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Re: New station to broadcast classical music in north and east

There are limits on such restrictions, even when it comes to real estate.
For example, it would be illegal for someone to transfer a radio station
with a requirement that the station retain a certain format forever.  As
Attorney Ross noted, it might be possible to put on such a requirement for a
certain period of time.

Such requirements also have to be carefully drafted.  For example, what does
classical music mean?  That term would have to be defined for the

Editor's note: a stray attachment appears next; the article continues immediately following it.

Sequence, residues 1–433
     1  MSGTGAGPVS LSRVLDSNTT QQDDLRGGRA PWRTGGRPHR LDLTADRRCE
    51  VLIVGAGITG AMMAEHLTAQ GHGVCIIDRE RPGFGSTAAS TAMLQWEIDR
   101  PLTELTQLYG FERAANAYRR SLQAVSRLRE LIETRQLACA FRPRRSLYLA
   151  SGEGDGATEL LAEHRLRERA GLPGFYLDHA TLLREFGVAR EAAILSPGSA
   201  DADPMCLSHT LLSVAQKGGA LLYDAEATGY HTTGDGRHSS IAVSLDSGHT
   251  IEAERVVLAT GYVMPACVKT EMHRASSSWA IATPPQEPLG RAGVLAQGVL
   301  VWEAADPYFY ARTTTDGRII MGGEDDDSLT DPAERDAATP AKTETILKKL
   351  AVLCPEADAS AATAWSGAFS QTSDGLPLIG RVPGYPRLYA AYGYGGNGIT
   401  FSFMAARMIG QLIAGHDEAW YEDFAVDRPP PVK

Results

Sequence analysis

restriction to be effective.

I also wonder how FCC regulations would play into this issue.  A license is
actually a grant from the government so there may be limits on the
restrictions a seller may put on the transfer of a government license.

It all depends on the lawyers.  A clever lawyer might be able to draft an
instrument that would effectively limit a format change for a time, but a
more clever lawyer might be able to find a way around the restriction.

-- Dan Billings, Bowdoinham, Maine

----- Original Message -----
From: "Dave Faneuf" <tklaundry@juno.com>
To: <crimson@channel1.com>
Cc: <dib9@gwi.net>; <boston-radio-interest@bostonradio.org>;
Sent: Sunday, January 28, 2001 1:41 PM
Subject: Re: New station to broadcast classical music in north and east

> I am not a lawyer either, but I believe in Real Estate transactions a
> person can put restrictions on a deed that if someone wants lifted or
> changed in the future requires a court order, wouldn't the same apply to
> something like this?